As part of President Barack Obama's ongoing moves to repair U.S.-Cuba relations, he became the first sitting U.S. president to visit Cuba since Calvin Coolidge did it in 1928 when Air Force One touched down in Havana today. The New York Times reported that Obama arrived in the island nation along with First Lady Michelle Obama and daughters Malia and Sasha late in the afternoon at Jose Marti International Airport.
Hours earlier, as the president was in the air, Cuban police detained a group of dissidents who were holding an anti-government protest outside a church in Havana. Members of that very dissident group, the Ladies in White, are scheduled to meet with Obama at the U.S. embassy during his visit. He's also set to meet with the leader of the island nation's communist government, President Raul Castro, on Monday, and later attend a baseball game between the Tampa Bay Rays and the Cuban national team.
The visit comes just days after the Obama administration once again loosened restrictions on U.S.-Cuba relations, making it so that Americans will essentially be allowed to travel to Cuba freely on vacation. While restrictions still technically mean that Americans are only supposed to travel to Cuba for religious or academic purposes, the new rules make those restrictions unenforceable and allow Americans to go there without getting prior permission. There are also plans to begin commercial flights from the U.S. to Cuba from a number of airports, meaning Americans will no longer have to take costly charter flights like they do now.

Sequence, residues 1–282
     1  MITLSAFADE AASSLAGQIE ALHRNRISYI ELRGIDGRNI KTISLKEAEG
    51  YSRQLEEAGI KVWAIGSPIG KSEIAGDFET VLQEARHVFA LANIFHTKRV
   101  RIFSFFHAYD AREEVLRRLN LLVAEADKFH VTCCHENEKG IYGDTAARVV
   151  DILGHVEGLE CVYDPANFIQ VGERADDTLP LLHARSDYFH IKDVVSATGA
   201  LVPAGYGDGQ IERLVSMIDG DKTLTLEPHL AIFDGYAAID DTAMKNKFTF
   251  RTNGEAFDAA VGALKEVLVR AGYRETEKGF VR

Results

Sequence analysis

If you're wondering where you'll stay once you go on that Cuba vacation, there was some other big Cuba news today. Airbnb announced that it will now allow customers from all over the world to book stays in private Cuban homes. As for what could be coming from Cuba to the U.S., rather than the other direction, it was reported last month that the island nation's groundbreaking lung cancer vaccine is closer than ever to undergoing trials in the states.